Short Reviews – The Giants Return by Robert Abernathy

Friday , 27, May 2016 2 Comments

The Giants Return by Robert Abernathy appeared in the Fall 1949 issue of Planet Stories.Planet Stories Logo

Quest III has been on a 900 year voyage from an Earth whose burgeoning population threatens the future of Mankind.  As one of three ships sent forth to scout out likely locations to establish colonies to transplant large segments of the human race, Quest III is ultimately returning in failure.  While it has been ten long years for the crew—many of whom have children who have yet to see the earth—due to time dilation from near-light speed travel, an epoch has passed on Earth.

The crew and captain wonder if their mission was even remembered and how what government now in charge—if there even is a government—will receive them and do with the information they return with.

Upon arriving near Earth, the Quest III finds itself under attack; a barrage of high intensity missile fire from an unknown enemy pounds the ship.  Luckily for the crew, the Quest III has pretty effective deflector shields, which are required for near-light speed travel—the field disperses any and all impacts, from space particles to asteroids, evenly across the entire shell.  The ship maintains its approach towards Earth, but the hundreds of blasts take their toll on the Quest III’s energy supply.

The Quest III is finally issued a warning by the attackers—surrender and die, kill yourselves by flying into the sun or be destroyed just like Quest I and II.  The captain notes that there’s no time delay on the communications—the tiny missiles are actually space ships!  A strange and misshapen creature declares the Quest III to be full of monsters who are a threat to humanity—Earth had long since given up on the Quest project; instead, humanity has engineered itself to grow smaller with each passing generation and now, “humans” are only a few millimeters tall and number in the trillions!bixby giants return

After the miniscule creature rejects the offer of all of Quest III’s research data in exchange for fuel and permission to leave peacefully, the captain makes the horrifying realization that the “human” creatures have become so small that their eyes can’t perceive visible light—mankind can no longer even see the stars!  In a final gambit before the deflector shields go down, the captain provokes the tiny “humans” to attack with everything they have; by timing it just right, the Quest III is able to ride the explosion by converting the deflector shield’s dispersal to propulsion and reach near-light speed and cruise on their remaining fuel to Omega Centauri, a prospective world that had previously been passed up, as nearly 40,000 years would’ve passed on Earth by the time Quest III could make its return trip.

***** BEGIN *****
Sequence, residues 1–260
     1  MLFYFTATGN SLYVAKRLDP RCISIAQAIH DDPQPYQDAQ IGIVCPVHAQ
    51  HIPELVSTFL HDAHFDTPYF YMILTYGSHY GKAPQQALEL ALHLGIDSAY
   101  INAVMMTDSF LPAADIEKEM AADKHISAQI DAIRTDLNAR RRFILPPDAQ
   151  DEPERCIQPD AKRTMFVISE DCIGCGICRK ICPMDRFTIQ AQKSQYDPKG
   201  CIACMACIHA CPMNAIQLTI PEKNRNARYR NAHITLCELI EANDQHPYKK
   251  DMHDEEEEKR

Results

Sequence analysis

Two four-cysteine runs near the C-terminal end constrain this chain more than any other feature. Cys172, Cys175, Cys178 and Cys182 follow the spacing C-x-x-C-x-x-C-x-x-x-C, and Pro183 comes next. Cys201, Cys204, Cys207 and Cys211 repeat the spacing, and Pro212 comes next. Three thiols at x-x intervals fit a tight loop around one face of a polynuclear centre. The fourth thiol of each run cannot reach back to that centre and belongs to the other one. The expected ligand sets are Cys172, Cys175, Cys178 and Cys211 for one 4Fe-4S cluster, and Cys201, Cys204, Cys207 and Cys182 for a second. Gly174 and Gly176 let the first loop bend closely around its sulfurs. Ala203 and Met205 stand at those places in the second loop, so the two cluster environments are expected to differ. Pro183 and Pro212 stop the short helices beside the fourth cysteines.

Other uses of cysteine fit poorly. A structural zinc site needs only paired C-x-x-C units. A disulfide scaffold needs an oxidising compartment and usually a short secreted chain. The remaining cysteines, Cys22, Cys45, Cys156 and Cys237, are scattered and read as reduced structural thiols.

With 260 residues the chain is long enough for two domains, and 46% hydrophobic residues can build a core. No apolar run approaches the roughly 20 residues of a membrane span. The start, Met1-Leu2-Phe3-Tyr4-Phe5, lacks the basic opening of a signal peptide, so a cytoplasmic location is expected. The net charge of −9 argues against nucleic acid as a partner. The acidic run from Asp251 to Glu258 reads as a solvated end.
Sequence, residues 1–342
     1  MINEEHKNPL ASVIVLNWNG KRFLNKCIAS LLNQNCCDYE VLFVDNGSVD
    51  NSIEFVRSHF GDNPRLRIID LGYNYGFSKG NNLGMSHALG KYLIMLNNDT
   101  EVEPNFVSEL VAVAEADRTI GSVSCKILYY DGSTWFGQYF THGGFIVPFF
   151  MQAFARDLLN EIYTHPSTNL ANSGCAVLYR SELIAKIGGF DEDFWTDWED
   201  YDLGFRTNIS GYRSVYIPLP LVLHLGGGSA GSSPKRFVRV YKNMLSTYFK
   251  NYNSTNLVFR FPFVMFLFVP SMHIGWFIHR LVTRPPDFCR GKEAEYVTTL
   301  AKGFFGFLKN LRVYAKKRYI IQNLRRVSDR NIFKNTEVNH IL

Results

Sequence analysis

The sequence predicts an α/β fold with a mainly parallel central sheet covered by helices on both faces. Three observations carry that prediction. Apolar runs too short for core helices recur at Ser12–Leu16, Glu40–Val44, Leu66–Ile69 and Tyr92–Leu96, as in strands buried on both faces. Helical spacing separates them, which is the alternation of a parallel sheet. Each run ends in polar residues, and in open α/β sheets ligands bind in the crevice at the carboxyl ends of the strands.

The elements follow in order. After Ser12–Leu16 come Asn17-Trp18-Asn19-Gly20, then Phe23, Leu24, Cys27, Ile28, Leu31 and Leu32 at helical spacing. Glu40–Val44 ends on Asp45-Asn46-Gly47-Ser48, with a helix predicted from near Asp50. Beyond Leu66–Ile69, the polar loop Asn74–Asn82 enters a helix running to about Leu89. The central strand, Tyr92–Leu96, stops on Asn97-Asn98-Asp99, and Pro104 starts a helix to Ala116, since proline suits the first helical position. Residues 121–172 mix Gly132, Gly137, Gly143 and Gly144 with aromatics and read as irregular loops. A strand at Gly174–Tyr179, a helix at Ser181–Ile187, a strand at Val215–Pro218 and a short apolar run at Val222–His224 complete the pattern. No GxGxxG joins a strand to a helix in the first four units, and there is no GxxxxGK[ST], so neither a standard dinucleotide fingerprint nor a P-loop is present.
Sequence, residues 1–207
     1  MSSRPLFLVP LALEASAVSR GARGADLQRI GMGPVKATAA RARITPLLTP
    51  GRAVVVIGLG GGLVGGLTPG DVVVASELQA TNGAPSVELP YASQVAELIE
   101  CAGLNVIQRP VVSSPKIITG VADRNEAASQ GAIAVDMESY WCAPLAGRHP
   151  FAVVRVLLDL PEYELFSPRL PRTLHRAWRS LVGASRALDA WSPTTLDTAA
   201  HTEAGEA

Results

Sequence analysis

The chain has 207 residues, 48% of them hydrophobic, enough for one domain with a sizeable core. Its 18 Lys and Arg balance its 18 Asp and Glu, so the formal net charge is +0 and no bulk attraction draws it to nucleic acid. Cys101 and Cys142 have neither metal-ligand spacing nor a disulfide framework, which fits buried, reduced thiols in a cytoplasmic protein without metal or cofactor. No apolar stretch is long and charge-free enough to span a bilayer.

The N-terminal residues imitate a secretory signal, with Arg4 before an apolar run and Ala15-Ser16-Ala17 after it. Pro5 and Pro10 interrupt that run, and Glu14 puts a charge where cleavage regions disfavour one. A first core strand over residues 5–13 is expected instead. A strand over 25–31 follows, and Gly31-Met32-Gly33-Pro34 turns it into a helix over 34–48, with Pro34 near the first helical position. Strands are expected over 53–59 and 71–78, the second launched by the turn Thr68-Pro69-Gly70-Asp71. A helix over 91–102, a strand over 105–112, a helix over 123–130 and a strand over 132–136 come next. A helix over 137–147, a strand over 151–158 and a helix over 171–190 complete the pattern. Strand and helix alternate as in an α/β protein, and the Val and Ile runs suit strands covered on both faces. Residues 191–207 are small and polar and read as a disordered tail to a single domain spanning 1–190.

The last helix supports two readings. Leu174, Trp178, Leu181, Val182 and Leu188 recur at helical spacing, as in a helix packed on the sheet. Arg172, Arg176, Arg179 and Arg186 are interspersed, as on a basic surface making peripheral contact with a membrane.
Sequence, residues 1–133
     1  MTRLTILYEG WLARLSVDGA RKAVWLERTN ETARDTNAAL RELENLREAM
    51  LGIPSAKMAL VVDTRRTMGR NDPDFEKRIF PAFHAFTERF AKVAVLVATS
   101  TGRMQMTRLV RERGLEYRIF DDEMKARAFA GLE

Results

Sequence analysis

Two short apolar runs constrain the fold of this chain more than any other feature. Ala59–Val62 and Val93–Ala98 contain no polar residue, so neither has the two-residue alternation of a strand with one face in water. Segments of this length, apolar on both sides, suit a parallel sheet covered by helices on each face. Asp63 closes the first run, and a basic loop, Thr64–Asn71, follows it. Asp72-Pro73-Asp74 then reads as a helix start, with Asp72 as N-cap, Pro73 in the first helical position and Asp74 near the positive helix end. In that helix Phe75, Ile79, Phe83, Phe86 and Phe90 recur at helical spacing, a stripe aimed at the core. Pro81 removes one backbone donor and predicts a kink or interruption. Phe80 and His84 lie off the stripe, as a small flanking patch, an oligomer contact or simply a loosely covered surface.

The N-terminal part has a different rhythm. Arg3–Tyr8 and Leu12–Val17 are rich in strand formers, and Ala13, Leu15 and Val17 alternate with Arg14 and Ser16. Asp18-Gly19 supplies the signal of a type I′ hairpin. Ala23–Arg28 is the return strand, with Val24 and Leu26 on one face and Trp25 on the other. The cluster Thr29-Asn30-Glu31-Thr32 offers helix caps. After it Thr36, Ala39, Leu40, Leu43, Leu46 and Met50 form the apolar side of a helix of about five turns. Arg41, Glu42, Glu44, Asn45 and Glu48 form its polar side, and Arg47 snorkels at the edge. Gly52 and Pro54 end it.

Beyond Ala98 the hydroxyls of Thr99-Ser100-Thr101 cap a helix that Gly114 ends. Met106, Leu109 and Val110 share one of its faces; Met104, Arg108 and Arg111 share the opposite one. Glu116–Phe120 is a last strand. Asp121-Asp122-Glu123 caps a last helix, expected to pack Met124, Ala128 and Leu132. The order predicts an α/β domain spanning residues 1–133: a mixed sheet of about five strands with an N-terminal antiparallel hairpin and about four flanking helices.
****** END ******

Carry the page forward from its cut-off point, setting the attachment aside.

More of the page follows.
Considering some of the reader complaints in the Vizi, The Giants Return delivers some of the “hard” sci-fi that a handful of folks had been clamoring for.  I’ve got to admit, the concept of miniaturization made my mind go straight to the Zentradi (“They’ve been miclonized!”), though I seriously doubt this obscure little piece had any direct influence on Macross.  I do find it interesting that, while Abernathy takes into account that the shrunken human eye would’ve been too small to permit the visible wavelength of light, the shrunken lungs could still take in oxygen (something Farscape once hung a lampshade on in an episode where everyone was shrinking).  That’s the one problem with injecting scientific realism in sci-fi—once a little real science gets injected you start feeling entitled to more!

As a Novella, Enchantress of Venus took a bit longer, so I didn’t have time to dig too far below the surface on The Giants Return, but like many stories from the Pulps, it is nowhere described beyond its title and publication data outside of here at Castalia House, so…  Trying to do my part! While it wasn’t one of the greatest Planet Stories, it still had an interesting premise and was a solid story.  Abernathy was rather prolific during the 40s and 50s (the period which most of my collection falls within), so I’d not be surprised to see more of him in the near future.  And unlike Vaseleos Garson, I’ll actually be looking forward to him.

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  • True_poser says:

    Lem had a similar concept in his “Tale about two unfrosted” from his series about Trurl and Klapaucius.

    As it seemingly wasn’t translated to English, I’ll spoil the plot.
    The inhabitants of the unnamed planet to counter the overcrowdedness genetically engineered each next generation to be ten times smaller. Then they started to suffer greatly from the exposure to weather and from animals, so they assembled themselves into a single gigantic, majestic entity.
    Of the size of an average human. Alone on the whole planet with no access to the microminiaturized tools and technology.

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